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Live the Orange Experience Through Our Students

Sophomore embraces the chance to lead while he prepares for a career diversifying storytelling in the entertainment industry.

Five More Questions With David ’23

How did your family weigh in on your decision to attend Syracuse University?

When I selected Syracuse as my top choice, my family was astonished that I would opt to attend a school up north instead of staying in Florida. Since my family is from Cuba and Haiti, they were worried about me dealing with the cold. Not to mention that I would be so far from home. But once I explained to them that Syracuse has everything I need to take myself to the next level, they were more than happy to support my decision.

What was the first thing you did when you found out you were accepted?

November 28, 2018—that was the day my life changed forever. I remember the car ride home from the interview. I replayed my interview over and over in my head until the car pulled into the driveway. When I got the phone call about my acceptance, I was in complete and utter shock. I immediately ran to tell my grandma and eat the congratulations cake my aunt had brought for me even before we received word of my acceptance.

Why did you choose a dual major in international relations and television, radio and film?

I want to be remembered as someone who redefined how stories are told so they accurately reflect the experiences of all viewers, and as someone who was able to give his audiences an overall better understanding of the world around them. By majoring in international relations with a concentration in intercultural communication, I am broadening my ability to comprehend and navigate different cultures from a non-Eurocentric perspective. This is important since cultural sensibility gives people the mechanisms to question and reevaluate traditional narratives.

At the same time, studying television, radio and film is giving me the specific skill set and knowledge regarding the medium I want to use to carry out my visions and ideas. I hope to use both of my majors to diversify the stories being told on the big screen and to increase representation within the entertainment industry.

Students wearing masks stand and talk outside.

What are some of your experiences getting involved in campus life?

This past summer, I was asked by Keith Alford, the chief diversity and inclusion officer at Syracuse University, to co-moderate a panel with politician and commentator Bakari Sellers. During the panel, we discussed some of the systemic injustices that exist within higher education. After the event, I realized that more conversations like these had the potential to propel my Syracuse community forward. I wanted to design a program that would enrich and empower students of color, and show them that success is attainable. Soon after, “Shades of ’Cuse” was born: a talk show facilitating dialogue between students on campus and alumni making positive change from marginalized communities. During the first episode, we had a chance to hear from Dexter McKinney Jr. from Netflix’s When They See Us . This conversation gave students an opportunity to discuss what it’s like to navigate a predominantly white industry. I know firsthand that success feels so much more attainable when you see people who look like you, and I want to continue this work of making others’ dreams a reality.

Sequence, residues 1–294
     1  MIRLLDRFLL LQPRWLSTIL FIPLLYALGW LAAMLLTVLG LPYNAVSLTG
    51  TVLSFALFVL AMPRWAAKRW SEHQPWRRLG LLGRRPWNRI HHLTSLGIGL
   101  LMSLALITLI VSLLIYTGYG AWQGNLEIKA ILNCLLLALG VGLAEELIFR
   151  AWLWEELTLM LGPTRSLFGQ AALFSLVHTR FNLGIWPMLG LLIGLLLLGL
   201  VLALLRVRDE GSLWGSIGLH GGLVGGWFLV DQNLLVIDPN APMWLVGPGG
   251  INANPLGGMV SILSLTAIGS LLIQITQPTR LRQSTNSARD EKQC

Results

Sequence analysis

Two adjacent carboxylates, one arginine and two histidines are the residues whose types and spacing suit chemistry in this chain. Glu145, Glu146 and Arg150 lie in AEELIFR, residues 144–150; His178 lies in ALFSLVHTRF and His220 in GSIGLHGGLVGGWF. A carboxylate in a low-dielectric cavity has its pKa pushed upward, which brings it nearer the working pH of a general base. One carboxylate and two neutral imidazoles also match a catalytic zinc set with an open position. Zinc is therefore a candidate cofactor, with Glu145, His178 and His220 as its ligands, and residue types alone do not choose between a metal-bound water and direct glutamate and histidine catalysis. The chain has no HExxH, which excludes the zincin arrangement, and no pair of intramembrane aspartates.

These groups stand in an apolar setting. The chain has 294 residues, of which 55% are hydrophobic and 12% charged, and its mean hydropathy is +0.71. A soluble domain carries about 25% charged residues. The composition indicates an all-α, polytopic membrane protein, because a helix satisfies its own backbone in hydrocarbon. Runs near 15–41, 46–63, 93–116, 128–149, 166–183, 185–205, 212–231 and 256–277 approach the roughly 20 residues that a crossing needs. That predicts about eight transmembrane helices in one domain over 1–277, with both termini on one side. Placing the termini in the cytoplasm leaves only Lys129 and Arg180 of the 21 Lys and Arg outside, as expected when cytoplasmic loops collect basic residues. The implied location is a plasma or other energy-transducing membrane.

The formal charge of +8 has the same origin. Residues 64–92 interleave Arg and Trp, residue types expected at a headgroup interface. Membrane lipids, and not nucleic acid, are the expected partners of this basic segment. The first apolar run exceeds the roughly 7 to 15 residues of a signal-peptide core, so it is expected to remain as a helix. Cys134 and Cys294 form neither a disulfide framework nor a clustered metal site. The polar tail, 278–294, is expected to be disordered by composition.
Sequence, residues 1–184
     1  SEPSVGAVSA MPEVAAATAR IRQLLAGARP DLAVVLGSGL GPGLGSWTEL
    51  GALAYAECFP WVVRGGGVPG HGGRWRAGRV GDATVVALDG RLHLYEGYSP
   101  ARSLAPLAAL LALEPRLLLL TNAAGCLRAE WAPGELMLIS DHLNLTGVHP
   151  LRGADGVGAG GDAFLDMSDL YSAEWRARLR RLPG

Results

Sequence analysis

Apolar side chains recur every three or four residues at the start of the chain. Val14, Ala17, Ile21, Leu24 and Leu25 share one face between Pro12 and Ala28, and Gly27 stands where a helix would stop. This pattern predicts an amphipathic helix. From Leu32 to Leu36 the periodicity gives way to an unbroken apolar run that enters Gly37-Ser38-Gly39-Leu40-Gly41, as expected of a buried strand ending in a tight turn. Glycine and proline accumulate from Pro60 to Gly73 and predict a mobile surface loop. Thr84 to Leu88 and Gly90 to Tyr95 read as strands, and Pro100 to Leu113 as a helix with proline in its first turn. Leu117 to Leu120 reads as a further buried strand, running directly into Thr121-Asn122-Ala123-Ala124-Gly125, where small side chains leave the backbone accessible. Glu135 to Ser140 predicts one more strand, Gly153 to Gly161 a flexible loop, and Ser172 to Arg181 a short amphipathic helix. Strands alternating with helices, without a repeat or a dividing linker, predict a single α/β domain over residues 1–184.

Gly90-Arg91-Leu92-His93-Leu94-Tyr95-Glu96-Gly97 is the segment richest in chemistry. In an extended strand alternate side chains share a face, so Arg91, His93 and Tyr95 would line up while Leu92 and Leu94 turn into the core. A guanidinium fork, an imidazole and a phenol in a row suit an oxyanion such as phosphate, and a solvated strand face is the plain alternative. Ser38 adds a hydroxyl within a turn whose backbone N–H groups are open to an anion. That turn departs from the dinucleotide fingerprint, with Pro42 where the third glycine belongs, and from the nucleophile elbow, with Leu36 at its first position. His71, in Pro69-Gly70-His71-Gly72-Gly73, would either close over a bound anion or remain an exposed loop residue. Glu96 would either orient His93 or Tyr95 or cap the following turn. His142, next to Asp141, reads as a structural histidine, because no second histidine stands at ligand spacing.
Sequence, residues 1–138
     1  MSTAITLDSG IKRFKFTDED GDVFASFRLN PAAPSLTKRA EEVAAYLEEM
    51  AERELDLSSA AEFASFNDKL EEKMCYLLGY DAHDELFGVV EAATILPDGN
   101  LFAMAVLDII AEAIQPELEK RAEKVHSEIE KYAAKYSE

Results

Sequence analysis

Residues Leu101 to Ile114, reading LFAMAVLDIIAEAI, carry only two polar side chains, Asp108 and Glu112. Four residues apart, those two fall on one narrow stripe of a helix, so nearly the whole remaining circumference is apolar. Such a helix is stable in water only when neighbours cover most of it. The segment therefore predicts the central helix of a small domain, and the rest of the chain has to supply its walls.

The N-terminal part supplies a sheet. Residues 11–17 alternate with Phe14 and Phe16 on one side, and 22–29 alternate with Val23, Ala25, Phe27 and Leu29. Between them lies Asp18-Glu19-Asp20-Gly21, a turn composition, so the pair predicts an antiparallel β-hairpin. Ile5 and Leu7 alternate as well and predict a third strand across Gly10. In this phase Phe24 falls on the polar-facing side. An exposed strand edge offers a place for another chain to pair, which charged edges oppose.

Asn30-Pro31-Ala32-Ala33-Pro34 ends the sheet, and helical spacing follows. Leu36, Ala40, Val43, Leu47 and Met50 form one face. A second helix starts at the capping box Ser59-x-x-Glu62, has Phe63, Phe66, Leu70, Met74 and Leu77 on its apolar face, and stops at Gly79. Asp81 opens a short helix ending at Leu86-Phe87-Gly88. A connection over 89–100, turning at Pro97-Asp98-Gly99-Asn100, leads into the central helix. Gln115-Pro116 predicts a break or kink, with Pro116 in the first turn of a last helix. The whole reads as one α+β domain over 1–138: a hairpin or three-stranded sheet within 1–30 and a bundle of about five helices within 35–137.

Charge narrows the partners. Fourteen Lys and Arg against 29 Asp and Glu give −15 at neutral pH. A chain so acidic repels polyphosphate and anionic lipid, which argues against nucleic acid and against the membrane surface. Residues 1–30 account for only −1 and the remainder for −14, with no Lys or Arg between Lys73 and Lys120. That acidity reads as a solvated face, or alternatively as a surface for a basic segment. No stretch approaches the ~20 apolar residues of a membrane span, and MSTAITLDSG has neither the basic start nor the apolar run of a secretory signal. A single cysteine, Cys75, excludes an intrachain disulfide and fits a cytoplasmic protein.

The Office of Multicultural Affairs is a great place for students to start if they are looking for ways to get involved on campus. The Center for Fellowship and Scholarship is another resource for students looking to maximize their Syracuse University experience.

What’s your favorite memory at Syracuse University so far? What are you looking forward to in 2021?

One memory that stands out occurred last fall semester. While in-person classes were still in session, each person in my multimedia storytelling class had to pitch an original script idea, and the proposal with most votes got adapted into a film. My group selected a piece I had written called “GONE.” It follows the story of the disappearance of a college freshman and it’s up to a ragtag group of students to get to the bottom of it. Think 39 Clues meets Scooby-Doo meets Riverdale . The filming of that was so much fun. I remember just running around in the cold with my group having a blast. In 2021, I’m looking forward to making the most of every experience.

Jacki Grosso

This story was published on .

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